EDITOR’S NOTE: The following story contains information about sexual abuse that took place in Wiikwemkoong during the mid-to-late 20th century. This information may be disturbing to those who have suffered from sexual abuse. Support is available 24/7 through the First Nations and Inuit Hope for Wellness Help Line at 1-855-242-3310 or the Manitoulin Family Resources crisis line at 1-800-465-6788.
WIIKWEMKOONG – It was on April 23, 1990, according to the Kitchener-Waterloo Record, that the story of Father George Epoch began to unravel. That’s the date when the priest at St. Mary’s Roman Catholic Church in Cape Croker reported the allegations he had heard from one of his parishioners about what Father Epoch had done to the complainant.
Two years later on August 30, 1992, Jesuit Provincial Superior Father Eric Maclean travelled to Cape Croker and offered an apology to the victims of Father Epoch. A further two years later, the Jesuit Fathers of Upper Canada published an institutional apology on Page 27 of The Manitoulin Expositor’s December 7, 1994 edition.
“On behalf of the Jesuit Fathers of Upper Canada, I apologize to the primary victims of the late George Epoch, S.J., for the sexual abuse they suffered,” the notice stated.
The reconciliation agreement between the claimants and defendants mandated the publication of the apology, as well as a personal apology to all validated claimants. The notice stated that the reconciliation agreement also included benefits such as counselling, vocational assistance, written apologies to victims and their families and financial compensation.
“Apologies are at the heart of the reconciliation process. That is why I went to Cape Croker on August 30, 1992. I said there, and now repeat, we are seeking reconciliation because there has been a tragedy in our midst. Though not accepting liability for the aberrant acts of one of our members, the Jesuits express sorrow, regret and humility for the Epoch acts,” stated Mr. Mclean.
“We recognize that healing in sexual abuse cases is of a holistic nature. No one statement by itself is sufficient. An interplay of benefits collectively reaffirming the integrity of the victim is necessary.”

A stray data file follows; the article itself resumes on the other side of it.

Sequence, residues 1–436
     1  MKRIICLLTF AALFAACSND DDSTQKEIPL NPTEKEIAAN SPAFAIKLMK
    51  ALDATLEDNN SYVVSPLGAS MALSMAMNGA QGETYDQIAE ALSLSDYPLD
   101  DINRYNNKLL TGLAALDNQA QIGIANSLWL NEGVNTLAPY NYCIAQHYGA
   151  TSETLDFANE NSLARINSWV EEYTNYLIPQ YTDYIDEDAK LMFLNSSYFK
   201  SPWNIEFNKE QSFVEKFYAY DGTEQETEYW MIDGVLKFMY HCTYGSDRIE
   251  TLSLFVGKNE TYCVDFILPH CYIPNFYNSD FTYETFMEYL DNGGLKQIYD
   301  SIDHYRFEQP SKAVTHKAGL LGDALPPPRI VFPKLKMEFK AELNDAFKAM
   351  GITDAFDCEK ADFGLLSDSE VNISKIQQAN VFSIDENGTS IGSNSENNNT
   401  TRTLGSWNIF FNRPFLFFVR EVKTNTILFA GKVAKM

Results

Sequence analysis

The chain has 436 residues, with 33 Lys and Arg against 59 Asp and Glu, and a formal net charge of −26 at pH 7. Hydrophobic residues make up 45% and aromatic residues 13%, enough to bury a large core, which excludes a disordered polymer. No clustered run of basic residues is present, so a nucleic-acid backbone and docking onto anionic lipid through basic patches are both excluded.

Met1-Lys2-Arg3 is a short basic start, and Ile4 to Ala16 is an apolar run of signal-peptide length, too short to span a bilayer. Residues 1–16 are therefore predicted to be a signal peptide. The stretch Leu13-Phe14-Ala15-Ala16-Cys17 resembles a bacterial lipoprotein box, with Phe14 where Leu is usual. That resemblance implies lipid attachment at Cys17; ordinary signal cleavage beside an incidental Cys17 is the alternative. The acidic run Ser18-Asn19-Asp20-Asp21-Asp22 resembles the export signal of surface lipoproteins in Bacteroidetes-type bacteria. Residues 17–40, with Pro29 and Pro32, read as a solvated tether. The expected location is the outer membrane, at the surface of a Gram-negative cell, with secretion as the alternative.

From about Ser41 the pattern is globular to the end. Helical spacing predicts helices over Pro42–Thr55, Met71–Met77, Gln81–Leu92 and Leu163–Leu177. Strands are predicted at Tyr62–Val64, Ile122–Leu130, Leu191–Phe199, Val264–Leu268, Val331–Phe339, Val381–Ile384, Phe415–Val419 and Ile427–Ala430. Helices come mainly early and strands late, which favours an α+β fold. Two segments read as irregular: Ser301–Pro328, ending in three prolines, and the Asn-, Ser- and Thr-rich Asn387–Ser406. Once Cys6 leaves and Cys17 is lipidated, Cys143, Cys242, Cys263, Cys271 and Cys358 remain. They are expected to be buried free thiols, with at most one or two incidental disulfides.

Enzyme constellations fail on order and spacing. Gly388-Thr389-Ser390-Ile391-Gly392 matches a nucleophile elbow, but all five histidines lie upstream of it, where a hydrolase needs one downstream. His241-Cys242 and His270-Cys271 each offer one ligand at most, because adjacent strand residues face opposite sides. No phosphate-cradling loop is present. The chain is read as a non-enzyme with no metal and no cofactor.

Also in 1994, a number of the Chippewas of Nawash First Nation (Cape Croker) held a five-day-long national healing conference to address Jesuit abuse, according to Toronto Star coverage at the time. The First Nation invited “speakers from across North America” who discussed abuse, deep-seated anger and aggression, substance abuse and cultural oppression.
The 15 victims who had come forward in Cape Croker accepted a compensation package of $25,000 each, as well as a $4,000 fund for improving their education and addressing medical needs, according to a November 5, 1994 story in The Kitchener-Waterloo Record. They also got access to a fund of $500,000 for counselling, eligible over three years, and someone who would chronicle their experiences if they chose to share their stories.
They waived their right to sue the Jesuits and had to undergo a validation process to ensure their claims were valid. At that time, lawyers estimated 40 people were victims of Father Epoch, many more than the 15 who accepted the compensation.
The Jesuits issued a press release at that time which stated “sexual abuse of the young is a terrible thing. But when a priest is the abuser, the loss of faith is magnified. It is hoped that this agreement will advance the process of reconciliation between those who were abused and the Jesuit Order.”